The Skull was launched at the beginning of 2015 in two versions: The HYT Skull Green Eye, with a green liquid in a 51mm titanium & DLC black titanium case and the HYT Skull Red Eye with a red liquid in an 18-karat rose gold case with DLC titanium. The HYT Skull Diamond, set with 289 diamonds (≈0.858 carats) on the skull shape, debuted at Baselworld 2015. The Skull Maori, which has been totally hand engraved, highlighting the shape of the skull, emerged in November 2015, bringing the head count up to four.
Now the Skull Bad Boy is with us, and its monochrome palette highlights the bold design of the watch, showing us how well it stands on its own.
Like with the previous versions, the entire dial of the HYT Skull Bad Boy is given up to the skull design, with the movement hidden from the dial side; only the bellows are visible through an opening at six o’clock. Instead, the H1 manual-winding movement is on full display through a tinted pane of sapphire crystal. The timepiece also features a running seconds indication in the left eye and a power reserve indicator in the right eye.
As with the other Skulls, the minutes have been eliminated to keep the focus on the skull, but they can be roughly observed as the liquid advances between the hour markers, much like the historical watches that only had one hand. The Skull watches oblige us to acknowledge the futility of trying to pin every minute down. This deliberate emphasis on the ephemerality of time strengthened by the skull motif — the symbol of memento mori. The two ideas are inextricably linked in the HYT Skull watches; one literally outlines the other. Time flies, life is short, the HYT Skull Bad Boy seems to be telling us. Stop chasing the minutes and start enjoying yourself. Buy yourself a nice watch.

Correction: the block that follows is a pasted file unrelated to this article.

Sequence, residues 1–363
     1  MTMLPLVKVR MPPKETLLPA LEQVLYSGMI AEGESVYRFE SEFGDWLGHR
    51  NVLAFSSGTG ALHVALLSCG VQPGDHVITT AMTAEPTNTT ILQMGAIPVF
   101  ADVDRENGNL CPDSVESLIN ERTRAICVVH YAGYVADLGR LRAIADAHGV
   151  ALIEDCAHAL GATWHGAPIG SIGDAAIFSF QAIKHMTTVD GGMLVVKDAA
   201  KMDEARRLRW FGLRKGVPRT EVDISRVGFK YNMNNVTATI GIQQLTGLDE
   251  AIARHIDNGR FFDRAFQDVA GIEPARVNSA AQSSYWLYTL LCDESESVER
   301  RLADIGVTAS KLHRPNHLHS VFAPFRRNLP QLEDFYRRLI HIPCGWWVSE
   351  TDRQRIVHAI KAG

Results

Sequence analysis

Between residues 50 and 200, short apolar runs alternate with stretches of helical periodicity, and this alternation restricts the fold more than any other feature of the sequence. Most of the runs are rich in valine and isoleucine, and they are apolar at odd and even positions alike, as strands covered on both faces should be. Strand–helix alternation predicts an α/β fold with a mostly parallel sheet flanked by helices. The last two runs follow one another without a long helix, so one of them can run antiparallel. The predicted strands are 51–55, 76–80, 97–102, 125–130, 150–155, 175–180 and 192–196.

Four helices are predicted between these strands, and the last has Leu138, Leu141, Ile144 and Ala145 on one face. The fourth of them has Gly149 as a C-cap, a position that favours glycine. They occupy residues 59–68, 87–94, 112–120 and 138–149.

Whereas previous HYT timepieces featured translucent coloured liquids within their capillary tubes, the Skull Bad Boy opts to takes a different path. “We really wanted to develop an opaque black liquid to give it a bad-boy, rebel aesthetic; it gives the perfect contrast with the timepiece,” notes Vincent Perriard, CEO of HYT.
The watch as a whole is an exercise in contrast — the structured lines of the Clous de Paris dial guillochage set against the swirls of the Damascus steel skull; the ancient technique of mixed-metal laminate juxtaposed with the aggressively modern, industrial-looking skull; the lightness of the carbon case as counterpoint to the heavy philosophical associations with death and the passing of time; a luxury watch with zero luxury materials used in its making.
It is this tension between opposites, however, that allows the HYT Skull Bad Boy to endlessly fascinate.